While in Lakeview last month I went to the Lake County Courthouse to look through the county records from the early 1900s when Bernard Daly was county judge. There’s a lot to look at. It was time when counties had considerable power, Oregon’s state government was still relatively new and weak, roads and communication were poor, and Lake County was far from Salem.
In those days, the county judge, Bernard Daly, acted like a governor and the commissioners like a legislature for a county that was larger than several states. Among other things, the judge and commissioners established tax rates; built and maintained roads and bridges, appointed county officials, managed elections, and even granted U.S. citizenship.
I’ve just returned from a bike trip to Reno where I visited my younger son and his fiancé. About 600 miles in 10 days of riding. The first part of the trip followed the same route I took when I biked across the country in 2016 – wonderful memories. Up the McKenzie Pass into central Oregon, then on the Oregon Outback Scenic Byway to Lakeview.
A few weeks ago, the Daly Fund trustees met and selected 22 Daly scholarship recipients. To assure fairness and likelihood of college success, the trustees used a process whereby students were selected based on a weighted formula that combined SAT scores and overall high school grade point averages. The trustees only saw the ranked composite scores; they did not know the names of the recipients until they determined how far down the list they could fund scholarships.
Diversity, difference, and social justice. Issues that are in the news and all around us, even in Lake County. Back in the days when Daly lived in Lake County, it may have seemed that there wasn’t much diversity. Many were Irish, but not everyone. Some came from the east, some from neighboring states, and after the Dustbowl, from Oklahoma. Among those who came from California was Sybil Harber – a black single mother who was a mid-wife. It’s said that she came to Lakeview on the recommendation of Bernard Daly. She arrived in Lakeview in the spring of 1888, just a year after Daly.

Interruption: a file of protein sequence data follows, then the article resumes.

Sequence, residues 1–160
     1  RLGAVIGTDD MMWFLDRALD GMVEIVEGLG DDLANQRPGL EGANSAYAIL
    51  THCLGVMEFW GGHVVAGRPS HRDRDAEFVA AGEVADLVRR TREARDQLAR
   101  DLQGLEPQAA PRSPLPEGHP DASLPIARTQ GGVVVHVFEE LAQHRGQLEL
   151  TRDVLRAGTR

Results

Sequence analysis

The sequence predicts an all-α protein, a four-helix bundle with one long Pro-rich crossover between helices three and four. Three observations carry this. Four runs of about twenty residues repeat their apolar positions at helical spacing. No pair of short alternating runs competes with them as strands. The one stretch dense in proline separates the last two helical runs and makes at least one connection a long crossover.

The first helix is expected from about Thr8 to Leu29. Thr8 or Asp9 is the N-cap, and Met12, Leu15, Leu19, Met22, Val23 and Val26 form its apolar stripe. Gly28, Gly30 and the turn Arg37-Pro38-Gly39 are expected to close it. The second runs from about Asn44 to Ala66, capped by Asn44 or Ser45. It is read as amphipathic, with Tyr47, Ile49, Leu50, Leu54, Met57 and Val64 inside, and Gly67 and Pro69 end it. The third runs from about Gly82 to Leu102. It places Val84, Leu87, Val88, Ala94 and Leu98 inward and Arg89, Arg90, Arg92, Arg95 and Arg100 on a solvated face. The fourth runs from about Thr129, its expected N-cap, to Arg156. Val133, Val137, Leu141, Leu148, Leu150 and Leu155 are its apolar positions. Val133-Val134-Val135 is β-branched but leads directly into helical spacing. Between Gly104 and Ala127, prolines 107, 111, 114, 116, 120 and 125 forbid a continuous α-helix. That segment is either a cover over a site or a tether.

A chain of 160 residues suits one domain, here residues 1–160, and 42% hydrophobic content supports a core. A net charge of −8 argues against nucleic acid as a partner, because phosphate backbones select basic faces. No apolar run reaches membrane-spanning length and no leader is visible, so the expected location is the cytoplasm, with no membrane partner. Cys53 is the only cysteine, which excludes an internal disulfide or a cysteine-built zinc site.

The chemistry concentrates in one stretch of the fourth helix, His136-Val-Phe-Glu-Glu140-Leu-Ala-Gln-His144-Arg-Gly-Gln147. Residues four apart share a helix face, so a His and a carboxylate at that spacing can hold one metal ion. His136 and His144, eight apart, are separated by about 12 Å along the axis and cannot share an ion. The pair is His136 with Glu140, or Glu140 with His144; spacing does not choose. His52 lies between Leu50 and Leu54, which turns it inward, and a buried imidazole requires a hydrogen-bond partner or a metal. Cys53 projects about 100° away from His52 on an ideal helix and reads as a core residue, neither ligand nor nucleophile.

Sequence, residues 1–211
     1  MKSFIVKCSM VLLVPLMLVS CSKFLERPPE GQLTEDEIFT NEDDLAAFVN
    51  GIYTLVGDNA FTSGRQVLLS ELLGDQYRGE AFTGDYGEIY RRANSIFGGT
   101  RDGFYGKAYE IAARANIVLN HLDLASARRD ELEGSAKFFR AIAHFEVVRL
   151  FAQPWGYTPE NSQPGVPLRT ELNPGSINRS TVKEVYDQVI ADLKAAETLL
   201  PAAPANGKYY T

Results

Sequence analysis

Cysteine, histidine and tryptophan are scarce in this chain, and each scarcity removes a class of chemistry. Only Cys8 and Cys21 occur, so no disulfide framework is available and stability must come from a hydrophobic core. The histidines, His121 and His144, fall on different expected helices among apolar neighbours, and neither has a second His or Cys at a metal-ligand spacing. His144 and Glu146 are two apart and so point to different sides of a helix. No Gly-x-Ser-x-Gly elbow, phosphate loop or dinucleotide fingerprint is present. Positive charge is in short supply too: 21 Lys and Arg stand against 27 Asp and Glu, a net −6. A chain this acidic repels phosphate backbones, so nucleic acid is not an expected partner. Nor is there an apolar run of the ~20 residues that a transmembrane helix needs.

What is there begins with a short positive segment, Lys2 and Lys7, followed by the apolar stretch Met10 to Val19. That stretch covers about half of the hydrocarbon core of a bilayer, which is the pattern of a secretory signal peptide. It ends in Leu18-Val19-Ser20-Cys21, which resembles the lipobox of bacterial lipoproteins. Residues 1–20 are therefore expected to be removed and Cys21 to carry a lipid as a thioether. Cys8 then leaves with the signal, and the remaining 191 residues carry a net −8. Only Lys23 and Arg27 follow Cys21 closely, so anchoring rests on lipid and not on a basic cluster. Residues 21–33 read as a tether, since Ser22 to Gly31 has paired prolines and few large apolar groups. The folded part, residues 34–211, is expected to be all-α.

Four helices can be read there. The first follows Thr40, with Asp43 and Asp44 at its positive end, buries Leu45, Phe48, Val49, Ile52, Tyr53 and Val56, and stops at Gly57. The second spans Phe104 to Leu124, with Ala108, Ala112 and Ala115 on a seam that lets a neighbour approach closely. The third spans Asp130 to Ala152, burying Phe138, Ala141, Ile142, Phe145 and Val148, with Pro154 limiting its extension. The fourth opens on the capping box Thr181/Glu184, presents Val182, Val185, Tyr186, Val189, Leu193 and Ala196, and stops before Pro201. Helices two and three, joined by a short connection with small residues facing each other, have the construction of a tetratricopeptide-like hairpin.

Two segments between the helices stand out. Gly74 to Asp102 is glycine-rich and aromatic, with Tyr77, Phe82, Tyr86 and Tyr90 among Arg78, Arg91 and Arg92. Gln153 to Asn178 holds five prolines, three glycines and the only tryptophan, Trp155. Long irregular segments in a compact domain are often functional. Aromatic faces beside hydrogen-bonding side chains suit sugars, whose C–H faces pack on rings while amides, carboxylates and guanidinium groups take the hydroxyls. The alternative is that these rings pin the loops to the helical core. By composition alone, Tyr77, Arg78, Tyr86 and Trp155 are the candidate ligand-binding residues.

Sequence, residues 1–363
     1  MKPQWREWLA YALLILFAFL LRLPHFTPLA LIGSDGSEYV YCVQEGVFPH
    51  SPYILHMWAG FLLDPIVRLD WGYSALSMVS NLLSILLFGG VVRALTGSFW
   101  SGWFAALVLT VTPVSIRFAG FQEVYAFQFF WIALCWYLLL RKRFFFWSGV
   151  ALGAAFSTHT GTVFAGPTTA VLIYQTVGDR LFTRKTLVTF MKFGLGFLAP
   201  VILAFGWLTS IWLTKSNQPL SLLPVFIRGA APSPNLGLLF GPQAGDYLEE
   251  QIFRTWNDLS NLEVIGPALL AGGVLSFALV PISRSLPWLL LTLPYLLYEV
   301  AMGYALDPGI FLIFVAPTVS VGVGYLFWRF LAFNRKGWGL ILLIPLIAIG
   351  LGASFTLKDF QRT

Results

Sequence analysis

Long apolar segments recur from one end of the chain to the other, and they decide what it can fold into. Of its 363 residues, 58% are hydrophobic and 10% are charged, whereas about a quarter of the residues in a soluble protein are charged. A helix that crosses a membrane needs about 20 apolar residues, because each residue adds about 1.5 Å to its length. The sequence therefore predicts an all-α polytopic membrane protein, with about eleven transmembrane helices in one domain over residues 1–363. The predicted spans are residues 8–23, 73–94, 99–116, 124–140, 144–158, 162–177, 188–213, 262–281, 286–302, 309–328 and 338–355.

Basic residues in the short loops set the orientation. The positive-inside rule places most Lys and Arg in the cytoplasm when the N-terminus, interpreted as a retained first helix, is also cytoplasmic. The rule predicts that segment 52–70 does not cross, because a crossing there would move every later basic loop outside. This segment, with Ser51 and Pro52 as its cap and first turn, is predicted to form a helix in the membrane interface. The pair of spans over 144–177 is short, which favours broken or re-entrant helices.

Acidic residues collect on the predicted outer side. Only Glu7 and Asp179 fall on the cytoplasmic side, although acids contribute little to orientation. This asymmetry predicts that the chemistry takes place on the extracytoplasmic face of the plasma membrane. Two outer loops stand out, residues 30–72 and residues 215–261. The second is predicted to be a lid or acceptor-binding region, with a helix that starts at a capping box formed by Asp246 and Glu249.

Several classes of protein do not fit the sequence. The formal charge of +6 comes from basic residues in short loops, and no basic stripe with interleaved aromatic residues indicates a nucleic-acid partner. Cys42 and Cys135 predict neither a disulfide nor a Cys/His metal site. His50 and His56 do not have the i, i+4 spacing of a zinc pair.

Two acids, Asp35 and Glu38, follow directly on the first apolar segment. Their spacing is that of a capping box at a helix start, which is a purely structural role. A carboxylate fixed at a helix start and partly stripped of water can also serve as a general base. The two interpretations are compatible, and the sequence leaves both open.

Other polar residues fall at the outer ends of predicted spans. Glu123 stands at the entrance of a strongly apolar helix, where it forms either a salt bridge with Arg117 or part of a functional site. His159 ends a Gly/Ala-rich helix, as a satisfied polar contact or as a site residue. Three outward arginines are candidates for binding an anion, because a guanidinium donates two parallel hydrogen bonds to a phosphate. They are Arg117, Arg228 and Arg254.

Bernard Daly was missing… but now he can be found in the Oregon Encyclopedia, an authoritative and free resource on all things Oregon. Some time ago, my friend, OSU Archivist Larry Landis, suggested that I write an entry on Bernard Daly. Larry knew that I had been researching Daly and noticed that there wasn’t an entry for him. Seemed like quite an omission given the remarkable breadth of the encyclopedia and the extent of Daly’s impact.
All the news of the coronavirus reminded me of correspondence between Bernard Daly and the State Health Officer and Daly’s order for a county-wide quarantine in May of 1903.
Daly was a doctor long before he became a judge. As a doctor, he knew about germ theory and that disease could be spread from person to person by microorganisms that couldn’t be seen. The last major U.S. smallpox epidemic was from 1901 to 1903. Smallpox was a particularly deadly virus. Between 300 and 500 million people died of smallpox in the 20th Century alone.
One question leads to another, and another… I noticed that the Lakeview High School graduating classes were especially large in the 1970’s. When I asked about it, people told me that those were the years when kids from Bly attended high school in Lakeview. Caused me to wonder: What was it like for the Bly kids? Long bus rides, knowing that the other kids were eligible for the Daly scholarship and they weren’t?
As we begin the new year and new century, there will be a number of hundred-year anniversaries, beginning with Bernard Daly’s death. It was early in the morning on January 5, 1920, after having been ill since before Christmas, when Bernard Daly died while on the train to San Francisco where he was to be treated by specialists. On the train, he was accompanied by his Lakeview physician, Dr. Charles Liethead; long-time business partner, Fred Reynolds; and the love of his life, Pearl Hall. He died on route, near Livermore California. On the following Sunday, a crowd of about 700, almost everyone who lived in or near Lakeview attended his memorial service – that was most of Lakeview as the total population in 1920 was just over a thousand.
Bernard Daly’s gift to Lake County was very generous and his gift inspired others to also be generous. There are so many examples I’m not sure where to start. An early example is Burt Snyder. Burt came to Lakeview from Plush in the early 1900’s and went to work at Thornton’s Drugstore. Burt wanted to become a pharmacist and Mr. Thornton helped him enroll in a correspondence course. When he completed the course, Burt traveled to Portland in 1910 to take the apprentice pharmacist exam. The journey took him two days by stage to Klamath Falls and then another day and a half to Portland by train. He got his license and returned to Lakeview to work for Vinton Hall and Fred Reynolds. In 1912, Burt bought out Dr. Hall’s interest and the store became known as Snyder and Reynolds.
I’ll be in Lakeview this weekend to give a talk about my research on Bernard Daly and the impact of his scholarship at the annual Lake County Library Endowment Dinner on Saturday, the 18th. Hope many of you who live in the area will be able to attend and add your support to the Lake County Library Endowment.